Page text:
I watched a video with the late Tetsunojo Kanze the 8th in Tomonaga

 

“Watching Noh is like Dreaming”

I think there are probably lots of people for whom the play “Sumidagawa River” invokes memories of saying farewell to a loved one. It's the same with the performance by Hideo Kanze in “Obasute.” After the person from the city leaves to continue on his trip, the main performer playing an old woman is left alone on the stage. Instead of feeling someone has left the stage, I feel the emotions of the shite, the main actor, and how the person leaving disappears from his heart and how he is then overwhelmed with feelings of affection from the past. As I watch the stage, I am taken back into my own past.

And it's not just these clear thoughts I experience. The darkness of night. Vague faces of people from the old neighborhood. The work I have today. The water hyacinths and the way they used to bloom on the river. All sorts of memories come up and are dealt with, they remain or they disappear...and in time then I am returned to the stage as if nothing had happened and I carry on with my everyday life.

For me, watching Noh is like dreaming.

When the house was renovated we lost the pond. And there's no more heater where you can see the flame. Now, it's become automatic fan heaters and heated flooring.

Perhaps Noh to me is like that waterside or like a flame. Like that place that balances to “life and death” or “consciousness and unconsciousness.” As long as I am alive I will dream. Perhaps I dream in order to live.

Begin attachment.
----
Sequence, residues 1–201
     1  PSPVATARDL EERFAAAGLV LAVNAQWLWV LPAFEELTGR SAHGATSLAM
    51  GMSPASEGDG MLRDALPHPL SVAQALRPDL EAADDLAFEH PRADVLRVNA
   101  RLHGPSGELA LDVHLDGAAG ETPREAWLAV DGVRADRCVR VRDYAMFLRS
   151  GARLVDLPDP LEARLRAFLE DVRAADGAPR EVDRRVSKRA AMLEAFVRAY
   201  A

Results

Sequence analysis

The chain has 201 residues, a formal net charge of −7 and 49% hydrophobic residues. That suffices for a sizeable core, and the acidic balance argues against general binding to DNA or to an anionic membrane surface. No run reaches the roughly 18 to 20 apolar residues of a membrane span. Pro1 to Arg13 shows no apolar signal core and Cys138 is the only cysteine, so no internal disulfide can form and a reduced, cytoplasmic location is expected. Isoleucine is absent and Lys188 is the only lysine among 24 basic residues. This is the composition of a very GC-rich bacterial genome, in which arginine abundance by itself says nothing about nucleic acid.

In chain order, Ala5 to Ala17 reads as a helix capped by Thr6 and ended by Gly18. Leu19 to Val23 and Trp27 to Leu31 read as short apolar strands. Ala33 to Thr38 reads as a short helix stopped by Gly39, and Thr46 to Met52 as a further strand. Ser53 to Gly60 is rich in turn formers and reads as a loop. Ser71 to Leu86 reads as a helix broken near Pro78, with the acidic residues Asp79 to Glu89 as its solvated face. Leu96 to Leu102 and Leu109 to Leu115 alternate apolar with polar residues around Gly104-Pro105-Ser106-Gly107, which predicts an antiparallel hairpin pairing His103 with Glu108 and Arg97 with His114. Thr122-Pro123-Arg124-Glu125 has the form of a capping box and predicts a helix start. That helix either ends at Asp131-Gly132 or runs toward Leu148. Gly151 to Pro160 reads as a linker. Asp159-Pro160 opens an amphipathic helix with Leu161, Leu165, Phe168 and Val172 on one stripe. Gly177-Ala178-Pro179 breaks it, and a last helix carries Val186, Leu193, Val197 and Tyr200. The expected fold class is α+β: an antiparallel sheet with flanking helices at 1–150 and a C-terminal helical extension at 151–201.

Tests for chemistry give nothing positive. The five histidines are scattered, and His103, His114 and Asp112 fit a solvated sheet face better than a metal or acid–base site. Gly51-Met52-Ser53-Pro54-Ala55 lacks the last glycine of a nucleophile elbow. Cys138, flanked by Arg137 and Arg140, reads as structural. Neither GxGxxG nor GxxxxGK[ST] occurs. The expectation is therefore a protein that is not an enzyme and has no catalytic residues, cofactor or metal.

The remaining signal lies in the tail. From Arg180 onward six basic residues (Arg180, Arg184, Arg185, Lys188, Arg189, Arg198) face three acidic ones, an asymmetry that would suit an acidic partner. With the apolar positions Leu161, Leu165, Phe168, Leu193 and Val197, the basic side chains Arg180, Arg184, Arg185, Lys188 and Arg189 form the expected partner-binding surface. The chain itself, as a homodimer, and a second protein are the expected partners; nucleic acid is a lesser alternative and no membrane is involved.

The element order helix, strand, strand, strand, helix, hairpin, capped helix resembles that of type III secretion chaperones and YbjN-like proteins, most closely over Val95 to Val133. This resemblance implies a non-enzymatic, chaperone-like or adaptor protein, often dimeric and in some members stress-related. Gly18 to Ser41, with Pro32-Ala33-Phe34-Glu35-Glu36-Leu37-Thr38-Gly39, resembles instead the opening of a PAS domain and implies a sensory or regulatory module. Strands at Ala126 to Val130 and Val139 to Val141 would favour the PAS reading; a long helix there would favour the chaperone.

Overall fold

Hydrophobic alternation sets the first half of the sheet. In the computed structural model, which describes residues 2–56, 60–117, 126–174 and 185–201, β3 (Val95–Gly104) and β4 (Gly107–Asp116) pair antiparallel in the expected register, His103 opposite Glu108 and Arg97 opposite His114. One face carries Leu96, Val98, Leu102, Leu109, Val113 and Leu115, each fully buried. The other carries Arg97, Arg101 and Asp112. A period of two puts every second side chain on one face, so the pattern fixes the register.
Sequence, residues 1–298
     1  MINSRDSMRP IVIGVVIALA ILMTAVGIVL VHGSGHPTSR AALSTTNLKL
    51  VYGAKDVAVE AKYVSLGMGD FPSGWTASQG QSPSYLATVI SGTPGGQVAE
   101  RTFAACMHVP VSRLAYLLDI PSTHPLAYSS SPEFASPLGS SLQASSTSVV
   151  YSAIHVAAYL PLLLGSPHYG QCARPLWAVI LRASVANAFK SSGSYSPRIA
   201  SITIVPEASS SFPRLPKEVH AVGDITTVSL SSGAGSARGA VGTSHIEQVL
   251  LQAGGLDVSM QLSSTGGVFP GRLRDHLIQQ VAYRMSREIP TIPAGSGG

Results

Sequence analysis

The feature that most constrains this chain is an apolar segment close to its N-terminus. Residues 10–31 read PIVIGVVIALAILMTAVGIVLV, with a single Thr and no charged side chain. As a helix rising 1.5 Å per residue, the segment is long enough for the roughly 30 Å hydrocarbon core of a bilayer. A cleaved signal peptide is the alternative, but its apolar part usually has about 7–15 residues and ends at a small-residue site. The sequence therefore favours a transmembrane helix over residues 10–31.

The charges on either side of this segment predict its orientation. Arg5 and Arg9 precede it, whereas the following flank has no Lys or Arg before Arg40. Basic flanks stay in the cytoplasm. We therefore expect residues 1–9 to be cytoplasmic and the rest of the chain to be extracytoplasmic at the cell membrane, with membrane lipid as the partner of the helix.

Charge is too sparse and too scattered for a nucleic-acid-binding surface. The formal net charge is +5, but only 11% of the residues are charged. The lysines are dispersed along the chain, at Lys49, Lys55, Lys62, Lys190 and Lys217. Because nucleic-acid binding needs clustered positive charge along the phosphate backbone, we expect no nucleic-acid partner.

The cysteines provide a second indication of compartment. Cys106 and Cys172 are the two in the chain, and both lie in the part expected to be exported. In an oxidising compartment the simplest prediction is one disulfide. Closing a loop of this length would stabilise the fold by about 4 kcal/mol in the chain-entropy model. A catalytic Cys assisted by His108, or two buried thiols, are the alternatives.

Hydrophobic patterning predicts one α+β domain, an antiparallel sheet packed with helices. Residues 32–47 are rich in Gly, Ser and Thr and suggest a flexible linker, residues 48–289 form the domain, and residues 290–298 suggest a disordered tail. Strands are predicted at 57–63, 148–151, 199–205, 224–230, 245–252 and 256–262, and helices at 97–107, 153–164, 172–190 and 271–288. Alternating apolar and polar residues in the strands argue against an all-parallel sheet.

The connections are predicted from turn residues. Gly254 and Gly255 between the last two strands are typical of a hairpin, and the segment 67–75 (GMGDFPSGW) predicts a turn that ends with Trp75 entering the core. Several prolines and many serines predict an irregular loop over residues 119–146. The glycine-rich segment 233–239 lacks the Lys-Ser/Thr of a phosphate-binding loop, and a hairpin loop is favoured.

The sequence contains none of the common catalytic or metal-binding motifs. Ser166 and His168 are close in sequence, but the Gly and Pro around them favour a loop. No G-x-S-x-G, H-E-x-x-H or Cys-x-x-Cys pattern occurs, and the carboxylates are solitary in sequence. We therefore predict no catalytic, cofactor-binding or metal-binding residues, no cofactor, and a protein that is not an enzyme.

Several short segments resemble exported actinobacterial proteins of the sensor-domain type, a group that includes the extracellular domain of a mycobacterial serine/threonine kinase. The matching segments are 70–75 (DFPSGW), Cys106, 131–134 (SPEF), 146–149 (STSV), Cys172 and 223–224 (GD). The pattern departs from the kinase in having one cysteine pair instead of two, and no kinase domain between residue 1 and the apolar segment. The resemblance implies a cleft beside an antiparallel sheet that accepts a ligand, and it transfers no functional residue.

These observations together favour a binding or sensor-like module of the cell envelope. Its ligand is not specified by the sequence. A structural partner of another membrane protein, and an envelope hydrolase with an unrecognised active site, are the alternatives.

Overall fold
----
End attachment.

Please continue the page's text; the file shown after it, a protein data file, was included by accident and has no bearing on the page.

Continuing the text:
An innkeeper like the Millionaire of Aohaka

Recently, I became hooked on the town of Uji upon traveling there for a work project. There's an inn I always go to with a room that looks out directly onto the Uji River spreading before me. I never tire of gazing out on it. In the early summer the bugs are swarming and birds and bats are drawn to them. Sometimes they'll dive into the water. Fish and bugs are hatching. It's a dynamic cycle of life, this waterside I love.

And the innkeeper there, like the “Millionaire of Aohaka” in the play “Tomonaga,” who came to this place on the occasion of, apparently, a number of deaths, said, “The bad with the good, life and death, it takes in all and flows on. That's the kind of place this is, this Uji River.” And he added, “Life, it is really an amazing thing.”

I'd like to invite him to Noh some time. I'm sure he will be hooked.

(November 2008)

Tamao Ariyoshi Minako Narita
Born in Aomori in 1960. Debuted in 1977 with “Hitoboshi e dozo” (Invitation to a Star) in the girls' manga magazine “Hana to Yume” (Flowers and Dreams.) Her best known works are “Eirian Dori” (Alien Street) and “Cipher.” Acclaimed for her precise and intricate drawings and “watermark,” a collection of her pictures. Currently, her “Hana Yori mo Hana no Gotoku,” a manga series featuring a young Noh performer, runs in the bimonthly magazine “Merodi” (Melody) The latest collection, No. 6, of the manga series will be published Nov. 5.
Tamao Ariyoshi